Release date: April 3, 2008
Date acquired/borrowed: October 7, 2008
Start reading date: October 11, 2008
Finished reading: October 13, 2008
British humourist Dave Gorman had toured America with his one-man show, 40 cities for the better part of the year. Throughout the whole experience he clashed time after time with the organizers of his tour resulting in an altogether miserable experience, exacerbated by the fact that Gorman wasn’t touring America at all, instead just sleeping in the same cookie-cutter hotel room in many different locations, eating the same food, finding practically the same experience everywhere he went. Growing up, he’d heard the legend of America, seen the glory of it’s diversity on TV and in movies, it was something full of awe and wonder, mystery and majesty. But it would seem it’s devolved into a melting pot not of people and cultures but of products, brands, labels, and trademarks. After returning home to London, Gorman seriously wanted to know if there was anything left of the America that those who grew up idolizing it (in a sense), and, as those familiar with Gorman’s previous work would surmise, a plan was hatched.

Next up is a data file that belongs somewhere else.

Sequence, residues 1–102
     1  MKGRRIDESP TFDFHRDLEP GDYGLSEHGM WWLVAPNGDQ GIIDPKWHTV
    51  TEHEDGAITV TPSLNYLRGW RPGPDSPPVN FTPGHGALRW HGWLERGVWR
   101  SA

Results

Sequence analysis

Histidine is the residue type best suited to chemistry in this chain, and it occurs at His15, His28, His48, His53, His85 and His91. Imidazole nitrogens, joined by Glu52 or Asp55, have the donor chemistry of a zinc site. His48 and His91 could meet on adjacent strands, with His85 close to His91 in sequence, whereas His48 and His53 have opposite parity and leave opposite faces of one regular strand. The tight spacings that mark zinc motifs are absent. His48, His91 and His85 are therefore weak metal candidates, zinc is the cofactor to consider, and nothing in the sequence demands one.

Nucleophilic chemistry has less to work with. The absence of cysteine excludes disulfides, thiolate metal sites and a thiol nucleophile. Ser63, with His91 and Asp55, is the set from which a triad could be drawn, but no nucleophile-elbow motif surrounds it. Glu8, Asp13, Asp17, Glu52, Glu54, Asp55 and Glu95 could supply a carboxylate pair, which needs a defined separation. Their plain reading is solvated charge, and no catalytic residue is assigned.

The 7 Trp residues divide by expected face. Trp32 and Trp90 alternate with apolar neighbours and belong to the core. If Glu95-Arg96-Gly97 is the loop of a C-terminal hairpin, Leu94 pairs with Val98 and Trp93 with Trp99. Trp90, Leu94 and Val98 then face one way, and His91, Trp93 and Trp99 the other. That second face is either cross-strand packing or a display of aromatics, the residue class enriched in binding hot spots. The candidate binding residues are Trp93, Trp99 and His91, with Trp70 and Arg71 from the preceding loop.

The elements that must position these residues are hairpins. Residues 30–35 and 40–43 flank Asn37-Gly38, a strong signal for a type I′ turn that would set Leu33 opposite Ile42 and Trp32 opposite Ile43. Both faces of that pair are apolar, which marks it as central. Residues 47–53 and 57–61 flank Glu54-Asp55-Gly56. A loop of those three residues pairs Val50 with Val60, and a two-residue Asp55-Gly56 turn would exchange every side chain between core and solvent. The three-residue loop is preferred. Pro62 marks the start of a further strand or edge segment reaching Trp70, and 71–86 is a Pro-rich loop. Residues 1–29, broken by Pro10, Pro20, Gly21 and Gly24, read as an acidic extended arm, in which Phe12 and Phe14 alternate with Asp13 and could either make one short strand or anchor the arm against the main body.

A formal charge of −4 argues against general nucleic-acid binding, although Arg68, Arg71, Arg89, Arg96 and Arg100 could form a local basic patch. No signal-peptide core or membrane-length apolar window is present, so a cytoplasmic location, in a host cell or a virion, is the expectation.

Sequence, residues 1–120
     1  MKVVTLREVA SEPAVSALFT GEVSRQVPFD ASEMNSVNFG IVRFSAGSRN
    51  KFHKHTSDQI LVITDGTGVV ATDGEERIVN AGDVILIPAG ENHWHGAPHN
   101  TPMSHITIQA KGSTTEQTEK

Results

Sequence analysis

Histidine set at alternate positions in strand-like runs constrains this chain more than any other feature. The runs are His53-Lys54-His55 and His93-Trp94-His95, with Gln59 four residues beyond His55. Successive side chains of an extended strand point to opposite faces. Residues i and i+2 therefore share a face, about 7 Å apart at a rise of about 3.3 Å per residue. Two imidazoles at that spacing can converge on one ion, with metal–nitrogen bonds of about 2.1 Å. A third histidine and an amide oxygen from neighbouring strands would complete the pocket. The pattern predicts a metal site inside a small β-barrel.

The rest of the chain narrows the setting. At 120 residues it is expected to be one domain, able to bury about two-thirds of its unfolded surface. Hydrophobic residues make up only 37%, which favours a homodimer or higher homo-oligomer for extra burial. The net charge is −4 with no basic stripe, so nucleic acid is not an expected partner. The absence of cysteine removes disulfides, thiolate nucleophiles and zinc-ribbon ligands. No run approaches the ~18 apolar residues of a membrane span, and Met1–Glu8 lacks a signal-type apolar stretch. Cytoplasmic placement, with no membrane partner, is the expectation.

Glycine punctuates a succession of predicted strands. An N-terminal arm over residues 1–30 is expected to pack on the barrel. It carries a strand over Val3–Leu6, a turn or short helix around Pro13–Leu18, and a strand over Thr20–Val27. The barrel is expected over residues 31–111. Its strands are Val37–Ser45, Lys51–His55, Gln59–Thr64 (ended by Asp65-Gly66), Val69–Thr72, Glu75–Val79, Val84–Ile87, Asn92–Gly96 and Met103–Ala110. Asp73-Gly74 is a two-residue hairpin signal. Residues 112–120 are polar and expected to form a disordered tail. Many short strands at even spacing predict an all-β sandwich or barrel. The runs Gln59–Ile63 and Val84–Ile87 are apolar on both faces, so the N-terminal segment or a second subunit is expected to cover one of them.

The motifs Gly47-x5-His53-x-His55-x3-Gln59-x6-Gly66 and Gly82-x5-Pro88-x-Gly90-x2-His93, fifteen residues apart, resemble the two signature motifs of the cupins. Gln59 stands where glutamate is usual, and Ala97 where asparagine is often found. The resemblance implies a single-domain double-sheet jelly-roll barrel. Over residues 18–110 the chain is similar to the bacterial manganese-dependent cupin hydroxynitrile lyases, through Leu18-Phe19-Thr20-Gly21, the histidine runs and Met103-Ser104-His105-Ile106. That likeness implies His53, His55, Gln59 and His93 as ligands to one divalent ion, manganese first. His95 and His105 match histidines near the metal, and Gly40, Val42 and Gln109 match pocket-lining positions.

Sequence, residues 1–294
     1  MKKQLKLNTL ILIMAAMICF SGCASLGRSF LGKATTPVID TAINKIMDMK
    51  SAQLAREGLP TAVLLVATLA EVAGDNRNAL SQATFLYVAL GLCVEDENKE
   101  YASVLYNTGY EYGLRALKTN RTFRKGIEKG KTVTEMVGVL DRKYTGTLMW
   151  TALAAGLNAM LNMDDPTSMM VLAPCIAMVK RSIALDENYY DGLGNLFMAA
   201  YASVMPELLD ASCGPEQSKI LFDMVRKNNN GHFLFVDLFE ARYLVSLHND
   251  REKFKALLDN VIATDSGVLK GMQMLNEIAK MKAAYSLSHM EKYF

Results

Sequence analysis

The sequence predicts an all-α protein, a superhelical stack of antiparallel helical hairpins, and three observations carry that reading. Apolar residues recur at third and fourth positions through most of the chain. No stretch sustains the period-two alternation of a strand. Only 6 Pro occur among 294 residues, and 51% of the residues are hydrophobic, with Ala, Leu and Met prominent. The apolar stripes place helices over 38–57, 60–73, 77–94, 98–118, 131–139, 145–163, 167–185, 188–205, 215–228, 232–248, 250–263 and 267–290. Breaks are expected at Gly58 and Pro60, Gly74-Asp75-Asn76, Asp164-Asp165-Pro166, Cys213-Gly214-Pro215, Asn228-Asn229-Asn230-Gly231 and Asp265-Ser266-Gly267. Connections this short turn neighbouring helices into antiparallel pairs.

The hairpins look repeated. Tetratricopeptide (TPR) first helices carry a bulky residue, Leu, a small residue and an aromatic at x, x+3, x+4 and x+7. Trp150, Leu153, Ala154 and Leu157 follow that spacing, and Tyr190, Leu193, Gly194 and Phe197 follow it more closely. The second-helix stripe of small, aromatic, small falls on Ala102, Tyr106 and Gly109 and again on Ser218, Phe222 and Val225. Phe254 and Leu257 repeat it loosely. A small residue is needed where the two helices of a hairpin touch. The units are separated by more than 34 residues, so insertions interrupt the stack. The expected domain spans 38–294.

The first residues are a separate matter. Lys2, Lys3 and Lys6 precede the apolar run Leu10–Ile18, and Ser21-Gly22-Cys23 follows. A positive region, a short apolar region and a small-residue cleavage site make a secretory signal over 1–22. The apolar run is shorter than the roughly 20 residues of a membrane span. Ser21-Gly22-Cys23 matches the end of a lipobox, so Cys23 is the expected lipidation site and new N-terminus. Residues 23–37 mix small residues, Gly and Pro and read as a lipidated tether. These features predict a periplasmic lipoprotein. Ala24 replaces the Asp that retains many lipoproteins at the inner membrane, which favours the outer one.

The idea behind America Unchained was to see if Gorman, without any advanced planning, could arrive on the west coast, buy a car and drive to the east coast without ever gassing up at a branded gas station, eat at a franchise restaurant, use a corporate repair shop, or stay in a chain hotel. Of course, that’s the simple version and Gorman throws a severe monkey wrench into the works when he insists on buying a “proper” American car, something older than him, which, at 36 years of age, means an ancient (relatively speaking) and untrustworthy beast indeed. He lucks out and finds a well-maintained, single-owner Torino station wagon in San Diego, but even a well maintained car will produce plenty of problems after 30+ years.